Gain some certainty on Jonathan Drouin’s future
When Drouin took leave from the Canadiens for personal reasons, he requested privacy, and he’s gotten it.
What we’ve heard since came from assistant coach Luke Richardson on June 28.
"We've respected Dru's need to have a break,” Richardson said. “As far as I've heard he's taking some time and getting the help that he needs."
When Bergevin was asked about Drouin’s future last Friday, he said the 26-year-old winger was doing “much better,” but couldn’t comment on anything else.
Until Drouin returns, there will be speculation he may never.
Speculation will rule in the public domain, but Bergevin needs to know privately where this is going now, if he doesn’t know already. Drouin’s future plans will dictate how Bergevin handles the expansion draft, the draft and free agency over the coming weeks, with the player set to earn $5.5 million on the cap in each of the next two seasons.
Montreal Canadiens winger Jonathan Drouin. (Graham Hughes/CP)
Submit Expansion Draft protection list to Seattle
Bergevin has until this coming Saturday to decide who he’s protecting for the Expansion Draft.
The big question will be whether he opts to go with the standard seven forwards-three defenceman-one goaltender model or decides to just protect eight players and a goaltender.
If Bergevin goes with the former, it could mean exposing a player like captain Shea Weber — a low-risk gamble, considering the 35-year-old (who likely needs off-season surgery on his left thumb) has five years remaining on a contract that pays him $7.85 million annually, but a gamble nonetheless. It could also mean protecting Weber and leaving one of Joel Edmundson or Ben Chiarot unprotected.
And if Bergevin chooses to go with the 8-1 model, it’s likely because he wants to protect all three defencemen on top of Jeff Petry, and that would mean leaving an extra forward or two available to Seattle.
The GM also needs to consider incentivizing Seattle to take a specific player off his roster to enable him to retain backup goaltender Jake Allen, who’s the most likely target for the Kraken no matter which protection model Bergevin opts for.
Take or leave other free agents
Bergevin already said he’s certain Tomas Tatar would like to skate to free agency, but it’s not a foregone conclusion that the GM wouldn’t try to convince him to come back for one season.
It’s a long shot but, depending on what happens with Drouin, the Canadiens’ need for Tatar could increase. After all, there’s no question the Slovak could have a considerable impact on helping the team make the playoffs, which is going to be a tougher task in returning to the Atlantic Division.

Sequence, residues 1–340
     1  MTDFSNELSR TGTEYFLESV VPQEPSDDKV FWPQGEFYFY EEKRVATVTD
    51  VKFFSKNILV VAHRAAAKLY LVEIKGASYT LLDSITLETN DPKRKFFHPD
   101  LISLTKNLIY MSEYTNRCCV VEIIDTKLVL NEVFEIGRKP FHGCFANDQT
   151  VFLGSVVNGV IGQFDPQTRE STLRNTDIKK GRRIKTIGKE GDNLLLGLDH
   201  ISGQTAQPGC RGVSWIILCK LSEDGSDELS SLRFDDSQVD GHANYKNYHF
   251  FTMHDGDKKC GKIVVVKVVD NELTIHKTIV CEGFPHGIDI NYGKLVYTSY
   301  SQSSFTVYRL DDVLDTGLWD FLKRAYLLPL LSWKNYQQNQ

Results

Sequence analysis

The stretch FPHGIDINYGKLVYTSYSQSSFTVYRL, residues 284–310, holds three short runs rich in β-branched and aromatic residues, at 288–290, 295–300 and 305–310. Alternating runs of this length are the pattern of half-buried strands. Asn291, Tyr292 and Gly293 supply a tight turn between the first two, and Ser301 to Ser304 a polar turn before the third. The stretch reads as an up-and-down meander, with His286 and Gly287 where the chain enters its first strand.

That they don’t see Tatar as a player who can help them through — the 30-year-old was scratched from all but five playoff games — probably takes him elsewhere.
It sure seems like unrestricted free agent Joel Armia might find himself elsewhere, too. When he was asked about re-signing, he said he would return to Finland and mull over his options, saying, “I won’t close any doors.”
One player who would like to stay and should be kept is Corey Perry.
“Yes, I intend to play hockey next year, and I think there’s still a lot of good hockey left in me and I would love to come back here and experience Montreal for being Montreal,” the 36-year-old said. “It was a weird year with family not being here and all that, but… to people out there who are looking at Montreal as a spot to land and come play, it’s been everything that you could imagine. It’s a first-class organization and everything that they do here is done with a purpose, and I really enjoyed my time.”
Staal appreciated his experience with the Canadiens but has much to discuss with his family before deciding what he’ll do next season. There’s likely no place for him in Montreal, regardless.
Same goes for free agents Jon Merrill and Erik Gustafsson, who will probably be permitted to shop their services on July 28.
Artturi Lehkonen is a restricted free agent with arbitration rights, so his contract will need to get settled in time. He’s 26 and is coming out of a two-year contract which paid him a $2.4-million AAV.
Jesperi Kotkaniemi is coming out of entry-level and is likely looking at a bridge contract. Ditto for Ryan Poehling, who’s a 10.2(c) restricted free agent (meaning he hasn’t accrued enough professional experience to have Group 2 RFA rights, which means he can’t sign an offer sheet).
Cale Fleury, a promising defence prospect who spent the season in Laval after playing 41 games with the Canadiens in 2019-20, also needs a new deal.